Nehemiah 8 COMMENTARY (Ellicott)

Nehemiah 8
Ellicott's Commentary for English Readers

Nehemiah 7:73Nehemiah 8:12.—Ezra instructs the people in the law.

Nehemiah 7:73.—And when the seventh month came.—Here a new subject begins, as in Ezra, whom Nehemiah copies: adopting a sentence, just as Ezra adopted the last words of the Chronicles, and with similar slight changes.

And all the people gathered themselves together as one man into the street that was before the water gate; and they spake unto Ezra the scribe to bring the book of the law of Moses, which the LORD had commanded to Israel.
(1) As one man.—The unanimity rather than the number is emphatic here.

And they spake unto Ezra.—Who appears in this book for the first time, having probably been at the court for twelve years.

And Ezra the priest brought the law before the congregation both of men and women, and all that could hear with understanding, upon the first day of the seventh month.
(2) Both of men and women, and all that could hear with understanding.—Men, women, and children who had reached years of discretion.

Upon the first day of the seventh month.—As the seventh was the most important month, in a religious sense, so the first day, the Feast of Trumpets, was the most important new moon (Leviticus 23:24).

And he read therein before the street that was before the water gate from the morning until midday, before the men and the women, and those that could understand; and the ears of all the people were attentive unto the book of the law.
(3) From the morning.From daylight. The Book of the Law must have been a comprehensive one. Out of it Ezra and his companions read hour after hour, selecting appropriate passages.

And the ears of all the people . . . unto the book.—A general statement; the detail now follows.

And Ezra the scribe stood upon a pulpit of wood, which they had made for the purpose; and beside him stood Mattithiah, and Shema, and Anaiah, and Urijah, and Hilkiah, and Maaseiah, on his right hand; and on his left hand, Pedaiah, and Mishael, and Malchiah, and Hashum, and Hashbadana, Zechariah, and Meshullam.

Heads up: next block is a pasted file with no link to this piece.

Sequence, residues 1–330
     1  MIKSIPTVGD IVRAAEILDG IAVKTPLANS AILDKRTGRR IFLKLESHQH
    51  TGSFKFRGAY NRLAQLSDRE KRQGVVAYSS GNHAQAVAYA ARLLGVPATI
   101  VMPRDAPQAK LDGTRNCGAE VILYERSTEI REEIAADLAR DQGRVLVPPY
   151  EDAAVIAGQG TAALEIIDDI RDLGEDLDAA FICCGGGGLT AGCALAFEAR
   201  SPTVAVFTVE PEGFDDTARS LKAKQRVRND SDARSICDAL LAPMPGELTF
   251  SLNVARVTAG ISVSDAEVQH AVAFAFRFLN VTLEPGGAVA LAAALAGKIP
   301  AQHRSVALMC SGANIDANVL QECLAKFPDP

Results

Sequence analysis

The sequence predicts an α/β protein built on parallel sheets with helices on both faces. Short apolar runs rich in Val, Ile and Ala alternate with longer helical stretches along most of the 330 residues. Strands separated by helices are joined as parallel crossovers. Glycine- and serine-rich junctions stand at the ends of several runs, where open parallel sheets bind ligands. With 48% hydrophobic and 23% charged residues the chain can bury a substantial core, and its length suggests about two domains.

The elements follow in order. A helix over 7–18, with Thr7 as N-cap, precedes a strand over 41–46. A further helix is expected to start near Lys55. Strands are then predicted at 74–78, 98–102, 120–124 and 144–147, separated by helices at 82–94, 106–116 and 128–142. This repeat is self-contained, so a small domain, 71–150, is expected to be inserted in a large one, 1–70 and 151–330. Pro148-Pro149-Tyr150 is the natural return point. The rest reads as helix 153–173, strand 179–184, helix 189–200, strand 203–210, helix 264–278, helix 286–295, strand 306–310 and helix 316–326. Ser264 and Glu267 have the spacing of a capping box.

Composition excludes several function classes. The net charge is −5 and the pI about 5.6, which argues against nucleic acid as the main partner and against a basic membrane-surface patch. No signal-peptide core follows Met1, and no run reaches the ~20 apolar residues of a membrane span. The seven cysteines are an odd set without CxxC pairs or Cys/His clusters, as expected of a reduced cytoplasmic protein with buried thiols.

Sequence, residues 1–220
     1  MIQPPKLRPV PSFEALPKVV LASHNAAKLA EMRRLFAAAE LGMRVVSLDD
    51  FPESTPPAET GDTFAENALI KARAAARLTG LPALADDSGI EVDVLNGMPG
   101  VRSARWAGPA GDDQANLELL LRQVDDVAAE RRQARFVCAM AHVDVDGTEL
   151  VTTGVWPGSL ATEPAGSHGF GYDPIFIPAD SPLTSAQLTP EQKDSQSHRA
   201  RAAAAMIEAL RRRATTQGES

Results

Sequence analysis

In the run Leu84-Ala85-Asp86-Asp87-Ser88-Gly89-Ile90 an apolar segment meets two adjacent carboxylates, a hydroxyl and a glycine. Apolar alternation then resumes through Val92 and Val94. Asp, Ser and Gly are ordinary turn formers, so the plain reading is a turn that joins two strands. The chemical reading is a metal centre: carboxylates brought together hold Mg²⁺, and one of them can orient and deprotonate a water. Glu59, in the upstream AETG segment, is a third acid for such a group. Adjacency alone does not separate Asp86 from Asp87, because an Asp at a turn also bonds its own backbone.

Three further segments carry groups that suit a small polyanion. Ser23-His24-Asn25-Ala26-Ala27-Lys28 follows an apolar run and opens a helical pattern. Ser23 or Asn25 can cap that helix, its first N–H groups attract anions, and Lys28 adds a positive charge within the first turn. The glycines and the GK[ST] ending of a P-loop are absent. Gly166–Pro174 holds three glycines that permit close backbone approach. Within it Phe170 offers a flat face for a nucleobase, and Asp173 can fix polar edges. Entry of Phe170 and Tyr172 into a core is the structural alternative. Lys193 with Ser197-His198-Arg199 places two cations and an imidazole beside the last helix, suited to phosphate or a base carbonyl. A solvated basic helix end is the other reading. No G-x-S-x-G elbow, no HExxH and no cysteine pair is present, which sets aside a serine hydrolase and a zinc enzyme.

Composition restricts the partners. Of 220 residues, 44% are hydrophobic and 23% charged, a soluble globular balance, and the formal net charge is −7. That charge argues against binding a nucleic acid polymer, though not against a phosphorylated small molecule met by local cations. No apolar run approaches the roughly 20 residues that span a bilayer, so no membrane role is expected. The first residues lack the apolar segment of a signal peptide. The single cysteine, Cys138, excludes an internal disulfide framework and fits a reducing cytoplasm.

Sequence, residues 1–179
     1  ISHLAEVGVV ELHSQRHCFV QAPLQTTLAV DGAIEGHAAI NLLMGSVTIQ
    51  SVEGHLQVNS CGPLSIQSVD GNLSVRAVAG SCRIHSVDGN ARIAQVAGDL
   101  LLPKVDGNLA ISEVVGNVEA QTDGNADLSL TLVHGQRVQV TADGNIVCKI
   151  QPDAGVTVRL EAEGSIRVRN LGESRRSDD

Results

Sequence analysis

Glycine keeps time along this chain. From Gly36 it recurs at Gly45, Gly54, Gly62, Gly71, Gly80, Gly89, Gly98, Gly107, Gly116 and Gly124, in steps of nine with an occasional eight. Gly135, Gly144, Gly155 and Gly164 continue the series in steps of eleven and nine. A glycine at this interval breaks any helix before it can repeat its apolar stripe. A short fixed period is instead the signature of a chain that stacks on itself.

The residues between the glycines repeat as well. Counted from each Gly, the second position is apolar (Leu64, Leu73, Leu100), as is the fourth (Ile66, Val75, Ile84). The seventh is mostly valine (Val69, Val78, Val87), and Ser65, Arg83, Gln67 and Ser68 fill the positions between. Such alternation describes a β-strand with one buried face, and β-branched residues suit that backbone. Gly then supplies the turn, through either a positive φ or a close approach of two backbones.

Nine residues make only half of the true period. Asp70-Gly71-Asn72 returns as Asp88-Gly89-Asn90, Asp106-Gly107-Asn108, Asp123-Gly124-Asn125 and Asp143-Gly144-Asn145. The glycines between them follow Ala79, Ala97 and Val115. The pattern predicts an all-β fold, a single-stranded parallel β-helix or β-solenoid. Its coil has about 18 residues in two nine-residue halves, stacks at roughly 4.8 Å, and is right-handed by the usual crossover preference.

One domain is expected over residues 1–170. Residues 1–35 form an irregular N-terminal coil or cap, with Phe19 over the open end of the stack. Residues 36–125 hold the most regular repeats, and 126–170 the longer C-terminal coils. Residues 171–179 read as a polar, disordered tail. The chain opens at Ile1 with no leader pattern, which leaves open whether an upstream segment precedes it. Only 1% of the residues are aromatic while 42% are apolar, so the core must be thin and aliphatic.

(4) Pulpit of wood.—Literally, a tower of wood. Fourteen persons, however, were on what is afterwards called a platform, or stair, by his side.

And Ezra opened the book in the sight of all the people; (for he was above all the people;) and when he opened it, all the people stood up:
And Ezra blessed the LORD, the great God. And all the people answered, Amen, Amen, with lifting up their hands: and they bowed their heads, and worshipped the LORD with their faces to the ground.
(6) And Ezra blessed the Lord.—The book was formally and solemnly opened in the sight of the people. At this request the multitude arose, and, after a doxology offered by Ezra, they all uttered a double Amen, “with lifting up of their hands,” in token of their most fervent assent; and then “with faces bowed to the ground,” in token of adoration.

The great God is Nehemiah’s expression, not Ezra’s; the sentence used is not reported.

Also Jeshua, and Bani, and Sherebiah, Jamin, Akkub, Shabbethai, Hodijah, Maaseiah, Kelita, Azariah, Jozabad, Hanan, Pelaiah, and the Levites, caused the people to understand the law: and the people stood in their place.
So they read in the book in the law of God distinctly, and gave the sense, and caused them to understand the reading.
(8) Gave the sense.—They expounded obscurer passages, and in doing so naturally translated into the vernacular Aramaic dialect.

Caused them to understand the reading.—This simply explains the former: they expounded as they read.

And Nehemiah, which is the Tirshatha, and Ezra the priest the scribe, and the Levites that taught the people, said unto all the people, This day is holy unto the LORD your God; mourn not, nor weep. For all the people wept, when they heard the words of the law.